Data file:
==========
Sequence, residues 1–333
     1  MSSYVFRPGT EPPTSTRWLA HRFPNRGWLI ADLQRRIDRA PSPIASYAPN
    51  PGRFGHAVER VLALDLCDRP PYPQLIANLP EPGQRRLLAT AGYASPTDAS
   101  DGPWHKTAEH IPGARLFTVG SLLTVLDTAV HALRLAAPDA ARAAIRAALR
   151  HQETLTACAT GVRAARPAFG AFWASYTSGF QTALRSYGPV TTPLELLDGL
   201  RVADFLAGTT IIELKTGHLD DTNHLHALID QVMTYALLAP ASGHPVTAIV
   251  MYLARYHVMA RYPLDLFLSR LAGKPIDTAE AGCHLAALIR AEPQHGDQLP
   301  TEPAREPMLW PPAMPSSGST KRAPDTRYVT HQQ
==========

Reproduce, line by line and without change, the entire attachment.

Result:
Sequence, residues 1–333
     1  MSSYVFRPGT EPPTSTRWLA HRFPNRGWLI ADLQRRIDRA PSPIASYAPN
    51  PGRFGHAVER VLALDLCDRP PYPQLIANLP EPGQRRLLAT AGYASPTDAS
   101  DGPWHKTAEH IPGARLFTVG SLLTVLDTAV HALRLAAPDA ARAAIRAALR
   151  HQETLTACAT GVRAARPAFG AFWASYTSGF QTALRSYGPV TTPLELLDGL
   201  RVADFLAGTT IIELKTGHLD DTNHLHALID QVMTYALLAP ASGHPVTAIV
   251  MYLARYHVMA RYPLDLFLSR LAGKPIDTAE AGCHLAALIR AEPQHGDQLP
   301  TEPAREPMLW PPAMPSSGST KRAPDTRYVT HQQ